Having the Kojikeng travel west first then south to their peninsula would let me nab even more words from the Sitr people :p It would likely have to be indirectly though unless they had some colonies along the western shoreline maybe.
Khemehekis wrote:
31 Oct 2019 03:21

I had to really stretch my imagination to think of what Txabao people would know that was round besides wheels. Glad you like it, though. And a bonus is that zhin ends up looking a lot like the Sino-Japanese jin, especially if a reader mispronounces ZH the way it's used in pronunciation guides ("s as in vision") in English fictionaries.

Which culture will invent the qe'u?
It definitely worked! I enjoy that the lexicon I can draw from keeps growing :P
I don't know, but I imagine from a people who had agriculture already.

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Re: Damta: A collaborative world

Post by Nachtuil » 03 Nov 2019 02:34

brblues wrote:
31 Oct 2019 19:08
FWIW, the Proto-Bokisig word for spear is /ɣu.'pɛ.da/, derived from /'ɣu.pɛ/ "sting" + /da/ "hand"
I am also curious what the next stage might look like but it depends on what part of the history of the language the events I've described occur at (the original loss of the Bokisig homeland. I have realised I'll need to assign the eventual word a noun class to belong to as well. :P

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Re: Damta: A collaborative world

Post by brblues » 03 Nov 2019 19:50

Nachtuil wrote:
03 Nov 2019 02:03

I would be quite happy to adopt it, even at that early stage. /ɣu.'pɛ.da/ Could enter at an early stage where ɣ has just become phonemic in the language already. It actually fits in quite nicely, so nicely it can hide out as if it were a Txabao word from the start, eventually becoming ... /wipero/. Gracias :p

I'd be quite happy to borrow a lot of words actually. :D I've been meaning to review your conlangs history but I imagine that the Pro-Kojikeng would have left the Txabao homeland at some point but I'm not sure the timeline. I had wanted them to venture west and south because of a seismic event disrupting a water system that they previously relied upon but they spent a great deal of time doing Txabao things like keeping herds of animals and eating "qe'u".
I posted a very rough sketch of the timeline for the development of my lang from the proto-lang to the Classical stage here in my thread, in case that helps! I also got a lot more vocab than I've shown so far in the few example sentences posted. Wondering whether making vocab databases as k123456789y has done would be a good idea for all of us for borrowing words? Full disclosure: I am not sure how much effort that requires nor how it works, I just keep mine in a table in my Word document.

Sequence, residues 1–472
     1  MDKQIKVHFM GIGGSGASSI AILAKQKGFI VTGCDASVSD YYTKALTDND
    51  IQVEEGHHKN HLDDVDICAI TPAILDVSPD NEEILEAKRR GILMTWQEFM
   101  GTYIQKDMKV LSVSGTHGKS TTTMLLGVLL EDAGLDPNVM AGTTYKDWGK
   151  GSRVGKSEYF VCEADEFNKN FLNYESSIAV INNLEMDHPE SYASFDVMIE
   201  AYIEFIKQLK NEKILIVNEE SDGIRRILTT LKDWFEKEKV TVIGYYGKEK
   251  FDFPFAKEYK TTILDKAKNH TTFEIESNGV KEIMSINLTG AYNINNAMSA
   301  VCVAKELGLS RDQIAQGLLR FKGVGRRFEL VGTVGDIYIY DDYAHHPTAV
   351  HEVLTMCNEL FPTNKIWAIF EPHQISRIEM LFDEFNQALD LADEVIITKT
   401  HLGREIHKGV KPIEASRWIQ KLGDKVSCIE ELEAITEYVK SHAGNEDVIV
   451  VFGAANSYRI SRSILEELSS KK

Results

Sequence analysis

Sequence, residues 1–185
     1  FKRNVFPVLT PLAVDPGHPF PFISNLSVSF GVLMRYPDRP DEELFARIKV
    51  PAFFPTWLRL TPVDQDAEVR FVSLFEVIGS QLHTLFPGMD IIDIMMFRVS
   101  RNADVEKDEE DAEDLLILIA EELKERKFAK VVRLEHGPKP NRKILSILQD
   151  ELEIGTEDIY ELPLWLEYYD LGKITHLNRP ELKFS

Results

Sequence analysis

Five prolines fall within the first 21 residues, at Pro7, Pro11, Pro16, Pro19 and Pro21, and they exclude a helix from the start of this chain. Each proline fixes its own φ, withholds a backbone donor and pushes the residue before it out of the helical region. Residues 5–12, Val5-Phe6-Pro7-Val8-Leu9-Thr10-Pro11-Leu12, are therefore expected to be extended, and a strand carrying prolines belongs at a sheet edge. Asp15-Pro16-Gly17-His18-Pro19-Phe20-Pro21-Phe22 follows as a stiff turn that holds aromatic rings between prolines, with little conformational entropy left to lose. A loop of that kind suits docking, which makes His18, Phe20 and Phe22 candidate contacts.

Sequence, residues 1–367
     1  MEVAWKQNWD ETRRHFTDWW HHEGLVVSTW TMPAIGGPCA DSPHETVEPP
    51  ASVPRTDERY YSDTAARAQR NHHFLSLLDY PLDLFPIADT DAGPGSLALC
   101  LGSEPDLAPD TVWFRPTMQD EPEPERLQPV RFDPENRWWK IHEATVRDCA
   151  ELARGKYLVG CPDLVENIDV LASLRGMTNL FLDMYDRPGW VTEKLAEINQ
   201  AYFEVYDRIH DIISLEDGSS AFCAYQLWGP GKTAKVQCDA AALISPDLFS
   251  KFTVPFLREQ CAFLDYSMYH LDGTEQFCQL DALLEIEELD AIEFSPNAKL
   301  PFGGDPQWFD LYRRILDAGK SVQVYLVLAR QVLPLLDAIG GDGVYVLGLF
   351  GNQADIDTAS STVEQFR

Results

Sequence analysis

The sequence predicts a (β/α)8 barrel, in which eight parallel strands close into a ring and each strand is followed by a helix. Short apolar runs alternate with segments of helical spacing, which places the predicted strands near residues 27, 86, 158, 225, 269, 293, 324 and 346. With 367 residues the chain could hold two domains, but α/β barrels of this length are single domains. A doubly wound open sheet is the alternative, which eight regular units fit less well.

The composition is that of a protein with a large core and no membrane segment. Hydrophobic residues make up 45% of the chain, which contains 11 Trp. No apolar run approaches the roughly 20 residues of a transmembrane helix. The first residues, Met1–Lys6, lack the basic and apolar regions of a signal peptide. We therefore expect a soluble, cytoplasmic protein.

It has occurred to me that perhaps the the Proto-Kojikeng and Proto-Bokisig interacted a while before they moved on. We could say they were sometimes allies sometimes rivals to each other but were both driven west or exiled to the west by the /neduki/ at the same time the neduk Proto-Bokisig were driven out of their homeland. For some words to transfer I imagine that they would have spent a good 50 years or so at least being friendly. :P Unlike the Bokisig, the Proto-Kojikeng would never again roam or hold territory in their homeland. :'( (except maybe as traders in future generations) For this to work I have to conceive of them as never having become fully urban up to that point but having retained strong herdsman traditions while dabbling with settlement life.

Having the Kojikeng travel west first then south to their peninsula would let me nab even more words from the Sitr people :p It would likely have to be indirectly though unless they had some colonies along the western shoreline maybe.
I would love that, but see some geographical issues regarding how that could work because the distance might be too big, with my people settled to the east of the mountain range and yours presumably to the west...

An option might be if you want to have a migration path in which your people start in the west (in the desert) together with the Txabao (when both languages were still one the same proto-language), and then split off the Txabao family once the Txabao go east and into the wars against my people, which take place roughly between PS8,000 and 8,350. You could then have the origin of your language be part of the population that settles in the rainforest in the Southeast (Southeast of the mountain range, right-hand side half of D5), and finally migrate (for some reason...) through the westwards through the savannah towards your peninsula. Living in a rainforest area would provide you with the know-how to master the climate zone of the Western Peninsula (which is also a rainforest area).

This would all make a lot more sense to show on the map, but I am currently despairong over GIMP and have grown a bit frustrated with it, so words will have to do for now :D

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Re: Damta: A collaborative world

Post by Nachtuil » 05 Nov 2019 03:04

brblues wrote:
03 Nov 2019 19:50
I posted a very rough sketch of the timeline for the development of my lang from the proto-lang to the Classical stage here in my thread, in case that helps! I also got a lot more vocab than I've shown so far in the few example sentences posted. Wondering whether making vocab databases as k123456789y has done would be a good idea for all of us for borrowing words? Full disclosure: I am not sure how much effort that requires nor how it works, I just keep mine in a table in my Word document.
I'll have to look into it myself.
I would love that, but see some geographical issues regarding how that could work because the distance might be too big, with my people settled to the east of the mountain range and yours presumably to the west...